Powerful people with power aims. Rockefeller was a significant donor to the United Nations, its New York HQ occupies land gifted by him, not too difficult for him to foist their technocrat mission on the world via the United Nations via the Brundtland Commission. And so they have. From the Brundtland Commission to the Rio Earth Summit and Agenda 21. The U.N. itself gave credit to the Brundtland Commission for its creation.
So before I discuss some of its detail, take a look at the Agenda 21 voluminous 389 page master-plan by way of its content pages, a kind of global fly-over of a very detailed blue-print for the new international economic order, resources-based, resources-controlled and resources-rationed in the name of sustainable development and technocrat management.
And Tomorrow the World …
… Herewith the Agenda 21 contents in outline…
United Nations Conference on Environment & Development
Rio de Janerio, Brazil, 3 to 14 June 1992
1.Preamble. Paragraphs 1.1 – 1.6
SECTION I. SOCIAL AND ECONOMIC DIMENSIONS
2. International cooperation to accelerate sustainable development in developing countries and related domestic policies. Paragraphs 2.1 – 2.43
3. Combating poverty 3.1 – 3.12
4. Changing consumption patterns 4.1 – 4.27
5. Demographic dynamics and sustainability 5.1 – 5.66
6. Protecting and promoting human health conditions 6.1 – 6.46
7. Promoting sustainable human settlement development 7.1 – 7.80
8. Integrating environment and development in decision-making 8.1 – 8.54
SECTION II. CONSERVATION AND MANAGEMENT OF RESOURCES FOR DEVELOPMENT
9. Protection of the atmosphere 9.1 – 9.35
10. Integrated approach to the planning and management of land resources 10.1 – 10.18 11. Combating deforestation 11.1 – 11.40
12. Managing fragile ecosystems: combating desertification and drought 12.1 – 12.63
13. Managing fragile ecosystems: sustainable mountain development 13.1 – 13.24
14. Promoting sustainable agriculture and rural development 14.1 – 14.104
15. Conservation of biological diversity 15.1 – 15.11
16. Environmentally sound management of biotechnology 16.1 – 16.46
17. Protection of the oceans, all kinds of seas, including enclosed and semi-enclosed seas, and coastal areas and the protection, rational use and development of their living resources 17.1 – 17.136
18. Protection of the quality and supply of freshwater resources: application of integrated approaches to the development, management and use of water resources 18.1 – 18.90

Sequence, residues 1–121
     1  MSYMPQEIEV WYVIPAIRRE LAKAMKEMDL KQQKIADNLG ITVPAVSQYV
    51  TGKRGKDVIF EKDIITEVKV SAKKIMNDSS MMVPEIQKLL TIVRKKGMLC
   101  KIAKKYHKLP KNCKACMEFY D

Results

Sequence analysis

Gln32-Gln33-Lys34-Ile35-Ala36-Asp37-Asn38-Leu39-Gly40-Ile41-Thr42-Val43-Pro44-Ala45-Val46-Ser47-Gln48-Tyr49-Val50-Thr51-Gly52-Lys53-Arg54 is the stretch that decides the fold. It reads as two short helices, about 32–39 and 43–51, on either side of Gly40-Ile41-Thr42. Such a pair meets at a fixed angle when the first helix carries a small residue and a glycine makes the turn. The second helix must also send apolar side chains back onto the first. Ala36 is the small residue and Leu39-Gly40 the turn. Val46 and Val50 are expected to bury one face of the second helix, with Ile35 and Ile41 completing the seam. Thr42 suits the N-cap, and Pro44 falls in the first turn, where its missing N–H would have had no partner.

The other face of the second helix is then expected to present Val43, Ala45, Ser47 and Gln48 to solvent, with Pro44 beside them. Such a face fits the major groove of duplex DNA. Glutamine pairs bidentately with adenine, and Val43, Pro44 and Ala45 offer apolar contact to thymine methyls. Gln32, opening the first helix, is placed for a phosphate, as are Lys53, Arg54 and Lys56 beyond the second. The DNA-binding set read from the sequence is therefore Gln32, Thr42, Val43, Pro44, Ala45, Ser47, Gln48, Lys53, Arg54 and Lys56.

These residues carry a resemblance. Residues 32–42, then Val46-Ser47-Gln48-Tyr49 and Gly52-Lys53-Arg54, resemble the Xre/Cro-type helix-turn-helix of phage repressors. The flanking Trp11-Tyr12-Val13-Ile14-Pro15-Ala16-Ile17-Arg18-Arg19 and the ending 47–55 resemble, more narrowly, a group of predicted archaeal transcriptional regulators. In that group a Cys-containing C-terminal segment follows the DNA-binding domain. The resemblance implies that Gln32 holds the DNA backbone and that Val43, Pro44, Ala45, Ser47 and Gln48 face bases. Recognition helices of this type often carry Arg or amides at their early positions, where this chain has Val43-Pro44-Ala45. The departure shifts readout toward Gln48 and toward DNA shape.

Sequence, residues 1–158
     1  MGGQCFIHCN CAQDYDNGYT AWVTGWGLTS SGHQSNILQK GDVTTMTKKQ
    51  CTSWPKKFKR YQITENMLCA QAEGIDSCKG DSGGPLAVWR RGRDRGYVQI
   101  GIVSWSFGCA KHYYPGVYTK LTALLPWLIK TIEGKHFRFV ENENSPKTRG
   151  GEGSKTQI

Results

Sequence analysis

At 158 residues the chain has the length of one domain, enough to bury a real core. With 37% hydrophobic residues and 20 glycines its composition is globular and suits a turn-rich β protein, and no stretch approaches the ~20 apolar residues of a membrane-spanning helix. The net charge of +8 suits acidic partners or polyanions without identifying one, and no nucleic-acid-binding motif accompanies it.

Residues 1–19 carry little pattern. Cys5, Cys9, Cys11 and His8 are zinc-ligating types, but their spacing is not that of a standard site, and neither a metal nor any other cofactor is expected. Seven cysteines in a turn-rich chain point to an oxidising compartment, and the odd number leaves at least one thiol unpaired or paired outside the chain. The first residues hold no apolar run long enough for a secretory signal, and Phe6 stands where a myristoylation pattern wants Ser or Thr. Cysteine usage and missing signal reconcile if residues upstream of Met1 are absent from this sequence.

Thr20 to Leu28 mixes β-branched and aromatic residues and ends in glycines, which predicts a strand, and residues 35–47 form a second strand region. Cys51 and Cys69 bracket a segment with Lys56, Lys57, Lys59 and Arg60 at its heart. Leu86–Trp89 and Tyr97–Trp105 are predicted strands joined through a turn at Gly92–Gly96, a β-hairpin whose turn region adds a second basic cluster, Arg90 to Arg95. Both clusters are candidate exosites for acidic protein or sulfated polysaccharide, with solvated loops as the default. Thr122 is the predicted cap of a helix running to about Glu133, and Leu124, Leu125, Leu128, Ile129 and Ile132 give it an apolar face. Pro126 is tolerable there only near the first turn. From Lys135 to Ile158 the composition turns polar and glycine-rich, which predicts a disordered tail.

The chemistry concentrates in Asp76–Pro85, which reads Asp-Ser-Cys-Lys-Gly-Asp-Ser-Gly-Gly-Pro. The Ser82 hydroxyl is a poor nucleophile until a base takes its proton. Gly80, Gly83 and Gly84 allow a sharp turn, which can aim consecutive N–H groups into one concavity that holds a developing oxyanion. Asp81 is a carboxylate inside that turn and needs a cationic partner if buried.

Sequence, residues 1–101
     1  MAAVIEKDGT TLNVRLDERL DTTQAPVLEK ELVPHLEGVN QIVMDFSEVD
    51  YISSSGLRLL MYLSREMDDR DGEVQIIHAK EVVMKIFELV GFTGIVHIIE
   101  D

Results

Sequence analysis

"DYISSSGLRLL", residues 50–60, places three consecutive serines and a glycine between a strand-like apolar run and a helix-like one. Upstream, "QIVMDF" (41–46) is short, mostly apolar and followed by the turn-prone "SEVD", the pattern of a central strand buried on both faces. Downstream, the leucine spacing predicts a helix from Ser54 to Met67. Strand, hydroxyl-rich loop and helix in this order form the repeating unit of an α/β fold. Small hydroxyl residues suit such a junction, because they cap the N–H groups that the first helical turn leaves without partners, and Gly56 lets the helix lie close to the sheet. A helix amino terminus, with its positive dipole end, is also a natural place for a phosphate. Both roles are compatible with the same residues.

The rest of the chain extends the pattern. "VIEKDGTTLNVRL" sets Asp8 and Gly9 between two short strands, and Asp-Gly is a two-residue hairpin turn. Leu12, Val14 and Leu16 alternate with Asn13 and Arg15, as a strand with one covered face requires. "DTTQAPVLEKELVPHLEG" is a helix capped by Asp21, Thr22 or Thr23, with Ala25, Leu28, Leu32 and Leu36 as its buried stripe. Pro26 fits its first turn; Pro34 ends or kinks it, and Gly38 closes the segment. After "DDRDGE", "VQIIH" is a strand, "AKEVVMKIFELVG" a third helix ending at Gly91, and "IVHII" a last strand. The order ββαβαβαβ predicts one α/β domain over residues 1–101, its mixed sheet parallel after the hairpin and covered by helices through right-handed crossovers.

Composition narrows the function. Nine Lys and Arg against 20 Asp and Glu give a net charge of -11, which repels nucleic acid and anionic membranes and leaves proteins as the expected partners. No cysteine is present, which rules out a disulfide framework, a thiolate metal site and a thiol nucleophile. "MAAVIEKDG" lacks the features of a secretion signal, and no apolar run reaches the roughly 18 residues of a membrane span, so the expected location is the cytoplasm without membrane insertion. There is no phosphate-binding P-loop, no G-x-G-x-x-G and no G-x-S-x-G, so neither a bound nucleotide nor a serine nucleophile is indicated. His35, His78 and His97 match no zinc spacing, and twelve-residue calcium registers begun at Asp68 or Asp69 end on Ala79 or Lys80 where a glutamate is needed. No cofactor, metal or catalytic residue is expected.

19. Environmentally sound management of toxic chemicals, including prevention of illegal international traffic in toxic and dangerous products 19.1 – 19.76
20. Environmentally sound management of hazardous wastes, in hazardous wastes 20.1 – 20.46
21. Environmentally sound management of solid wastes and sewage-related issues 21.1 – 21.49
22. Safe and environmentally sound management of radioactive wastes 22.1 – 22.9
SECTION III. STRENGTHENING THE ROLE OF MAJOR GROUPS
23. Preamble 23.1 – 23.4
24. Global action for women towards sustainable and equitable development 24.1 – 24.12 25. Children and youth in sustainable development 25.1 – 25.17
26. Recognizing and strengthening the role of indigenous people and their communities 26.1 – 26.9
27. Strengthening the role of non-governmental organizations: partners for sustainable development 27.1 – 27.13
28. Local authorities’ initiatives in support of Agenda 21 28.1 – 28.7
29. Strengthening the role of workers and their trade unions 29.1 – 29.14
30. Strengthening the role of business and industry 30.1 – 30.30
31. Scientific and technological community 31.1 – 31.12
32. Strengthening the role of farmers 32.1 – 32.14
SECTION IV. MEANS OF IMPLEMENTATION
33. Financial resources and mechanisms 33.1 – 33.21
34. Transfer of environmentally sound technology, cooperation and capacity-building 34.1 – 34.29
35. Science for sustainable development 35.1 – 35.25
36. Promoting education, public awareness and training 36.1 – 36.27
37. National mechanisms and international cooperation for capacity-building in developing countries 37.1 – 37.13
38. International institutional arrangements 38.1 – 38.45
39. International legal instruments and mechanisms 39.1 – 39.10